08th May 2012

Leadership change at Smythson of Bond Street..

Iconic British luxury brand Smythson, manufacturers of fine leather and stationary goods since 1887, announced a leadership change this week. Andy Janowski is taking over as CEO – replacing Smythson’s owner and chairman Jacques Bahbout. 

Janowski has over 20 years experience in the business. He began his career in Banana Republic in 1989, and quickly went on to become vice president of production at Gap. He was Burberry’s chief operations officer until he moved to Smythson 18 months ago. According to Vogue, he was appointed due to his “deep understanding of the luxury consumer” and “innate ability to drive a business”.

Interestingly, his role-predecessor will remain with the company, and Janowski will in fact be reporting directly to Bahbout – who is still the company’s chairman. Janowski will no doubt be keen to prove himself as soon as possible to Bahbout, and he will be anxious to make an early and lasting impact.

However, effectively implementing change can be very difficult in this situation. Any suggested changes may potentially be perceived as criticism of his still influential predecessor. Janowski will need to be upfront with the board to ensure he is guaranteed the space and freedom to effect change.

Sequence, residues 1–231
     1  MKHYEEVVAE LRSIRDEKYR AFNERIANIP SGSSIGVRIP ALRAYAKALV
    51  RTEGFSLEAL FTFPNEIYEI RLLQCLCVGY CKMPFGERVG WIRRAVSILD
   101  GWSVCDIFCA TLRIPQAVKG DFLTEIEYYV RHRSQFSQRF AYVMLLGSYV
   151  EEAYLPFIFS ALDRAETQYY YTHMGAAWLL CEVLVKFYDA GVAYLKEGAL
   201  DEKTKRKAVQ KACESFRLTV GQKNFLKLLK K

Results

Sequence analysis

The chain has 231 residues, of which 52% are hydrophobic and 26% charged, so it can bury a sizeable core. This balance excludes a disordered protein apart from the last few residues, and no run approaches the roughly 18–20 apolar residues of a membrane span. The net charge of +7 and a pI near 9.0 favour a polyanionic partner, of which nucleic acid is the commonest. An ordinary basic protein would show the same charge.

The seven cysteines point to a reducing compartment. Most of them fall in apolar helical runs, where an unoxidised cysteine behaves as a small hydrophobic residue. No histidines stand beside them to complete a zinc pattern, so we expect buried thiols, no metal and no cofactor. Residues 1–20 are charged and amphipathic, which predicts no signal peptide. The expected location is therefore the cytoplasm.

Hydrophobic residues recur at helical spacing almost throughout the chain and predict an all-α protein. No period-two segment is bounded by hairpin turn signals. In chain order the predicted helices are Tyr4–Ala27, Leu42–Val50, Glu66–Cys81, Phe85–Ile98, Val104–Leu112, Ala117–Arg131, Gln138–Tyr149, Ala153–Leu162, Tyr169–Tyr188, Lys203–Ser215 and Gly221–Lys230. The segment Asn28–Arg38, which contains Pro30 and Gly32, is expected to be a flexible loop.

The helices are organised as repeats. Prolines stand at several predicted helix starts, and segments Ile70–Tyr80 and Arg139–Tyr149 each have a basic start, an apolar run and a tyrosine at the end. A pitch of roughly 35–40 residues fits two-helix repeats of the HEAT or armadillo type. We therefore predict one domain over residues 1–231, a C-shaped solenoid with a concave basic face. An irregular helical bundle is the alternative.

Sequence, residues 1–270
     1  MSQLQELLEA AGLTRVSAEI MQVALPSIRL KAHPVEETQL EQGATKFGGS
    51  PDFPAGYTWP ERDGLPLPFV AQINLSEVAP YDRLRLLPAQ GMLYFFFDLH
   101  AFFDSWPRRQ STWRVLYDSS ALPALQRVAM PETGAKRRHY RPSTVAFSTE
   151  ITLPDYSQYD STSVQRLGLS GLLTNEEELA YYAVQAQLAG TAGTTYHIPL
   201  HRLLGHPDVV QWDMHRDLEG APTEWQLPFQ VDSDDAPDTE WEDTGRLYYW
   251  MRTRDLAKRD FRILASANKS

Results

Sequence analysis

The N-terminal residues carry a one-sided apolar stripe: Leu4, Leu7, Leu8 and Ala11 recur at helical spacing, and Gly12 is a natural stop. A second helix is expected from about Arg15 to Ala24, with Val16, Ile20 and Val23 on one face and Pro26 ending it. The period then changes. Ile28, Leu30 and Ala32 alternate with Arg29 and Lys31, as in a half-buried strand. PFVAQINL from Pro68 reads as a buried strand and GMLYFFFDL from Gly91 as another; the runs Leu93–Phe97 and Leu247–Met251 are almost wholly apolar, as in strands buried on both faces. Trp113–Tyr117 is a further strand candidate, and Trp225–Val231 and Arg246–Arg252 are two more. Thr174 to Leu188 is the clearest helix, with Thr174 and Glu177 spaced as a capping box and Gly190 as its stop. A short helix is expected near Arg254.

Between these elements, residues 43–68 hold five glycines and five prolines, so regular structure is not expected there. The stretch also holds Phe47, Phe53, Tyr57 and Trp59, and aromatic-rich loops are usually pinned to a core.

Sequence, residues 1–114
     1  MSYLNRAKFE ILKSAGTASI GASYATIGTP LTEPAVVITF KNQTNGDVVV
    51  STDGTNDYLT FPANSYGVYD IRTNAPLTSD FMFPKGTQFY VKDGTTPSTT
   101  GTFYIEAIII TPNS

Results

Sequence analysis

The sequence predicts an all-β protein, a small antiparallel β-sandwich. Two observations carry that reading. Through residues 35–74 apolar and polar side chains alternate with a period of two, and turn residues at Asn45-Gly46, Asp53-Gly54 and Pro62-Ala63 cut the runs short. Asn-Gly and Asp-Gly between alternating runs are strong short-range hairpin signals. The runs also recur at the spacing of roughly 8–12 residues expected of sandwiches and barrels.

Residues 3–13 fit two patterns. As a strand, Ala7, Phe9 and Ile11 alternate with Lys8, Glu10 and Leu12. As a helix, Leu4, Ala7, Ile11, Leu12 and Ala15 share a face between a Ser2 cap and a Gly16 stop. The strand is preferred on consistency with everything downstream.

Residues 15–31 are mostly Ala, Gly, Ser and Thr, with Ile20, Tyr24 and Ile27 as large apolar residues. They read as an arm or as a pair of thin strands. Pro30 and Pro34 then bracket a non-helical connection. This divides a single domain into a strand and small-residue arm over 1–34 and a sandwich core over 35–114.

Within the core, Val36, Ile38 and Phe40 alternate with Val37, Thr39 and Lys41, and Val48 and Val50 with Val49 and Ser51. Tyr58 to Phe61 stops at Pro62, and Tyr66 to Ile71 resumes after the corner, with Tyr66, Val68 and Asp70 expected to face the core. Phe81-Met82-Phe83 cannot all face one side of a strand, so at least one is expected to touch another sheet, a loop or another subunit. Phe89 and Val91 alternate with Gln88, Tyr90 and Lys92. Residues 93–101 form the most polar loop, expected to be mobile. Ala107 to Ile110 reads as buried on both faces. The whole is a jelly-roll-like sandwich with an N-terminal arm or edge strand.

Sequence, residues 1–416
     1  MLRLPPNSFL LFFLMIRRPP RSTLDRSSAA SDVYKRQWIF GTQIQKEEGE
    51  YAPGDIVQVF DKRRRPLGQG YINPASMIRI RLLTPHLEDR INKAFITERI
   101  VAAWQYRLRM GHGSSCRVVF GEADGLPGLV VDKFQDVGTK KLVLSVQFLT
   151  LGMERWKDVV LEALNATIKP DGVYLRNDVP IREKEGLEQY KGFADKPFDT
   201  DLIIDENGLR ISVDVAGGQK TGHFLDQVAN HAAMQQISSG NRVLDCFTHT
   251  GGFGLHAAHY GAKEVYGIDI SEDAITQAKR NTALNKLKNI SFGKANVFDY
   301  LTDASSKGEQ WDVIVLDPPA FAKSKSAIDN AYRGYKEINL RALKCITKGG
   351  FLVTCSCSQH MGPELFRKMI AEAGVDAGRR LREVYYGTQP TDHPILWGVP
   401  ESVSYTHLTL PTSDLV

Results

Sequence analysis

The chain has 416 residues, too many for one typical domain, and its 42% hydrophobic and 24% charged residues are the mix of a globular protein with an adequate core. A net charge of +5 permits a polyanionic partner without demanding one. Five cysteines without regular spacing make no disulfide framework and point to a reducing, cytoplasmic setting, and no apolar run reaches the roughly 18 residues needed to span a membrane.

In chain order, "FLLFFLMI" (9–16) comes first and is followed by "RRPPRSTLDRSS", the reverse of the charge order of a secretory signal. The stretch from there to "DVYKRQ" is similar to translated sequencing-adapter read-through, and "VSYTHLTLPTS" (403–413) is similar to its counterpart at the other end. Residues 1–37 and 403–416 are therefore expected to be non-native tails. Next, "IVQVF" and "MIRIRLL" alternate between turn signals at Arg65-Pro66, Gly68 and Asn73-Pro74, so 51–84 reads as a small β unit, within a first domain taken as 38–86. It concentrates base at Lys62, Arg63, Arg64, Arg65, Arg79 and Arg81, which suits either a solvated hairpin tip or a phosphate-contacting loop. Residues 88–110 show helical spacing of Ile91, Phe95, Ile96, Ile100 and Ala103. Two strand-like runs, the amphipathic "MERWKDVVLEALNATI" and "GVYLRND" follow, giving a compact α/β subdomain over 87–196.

Janowski’s appointment is effective immediately, and by now he is likely to be tackling some of the common transitional challenges experienced by any new leader.

During this time of intense scrutiny and time pressures he will do well to sharpen his self-awareness, to the point where he can efficiently monitor his actions and make sure he is not getting sidetracked from his strategic priorities.

He is also most probably be facing some tough personnel decisions – he will need to critically assess the quality of his team – and make the requisite changes. Nobody likes firing people, but it is best to make these changes as soon as possible in order to get off to an accelerated start.

Starting with the end in mind will be key to Janowski’s success. He should have a set of achievable aims for his first 100 days, which he will need to remain vigilantly focused on. The most effective way of doing such, and avoiding derailment, is with the help of a detailed First 100 Days Plan which acts as a route map to success.

Hilda Goold

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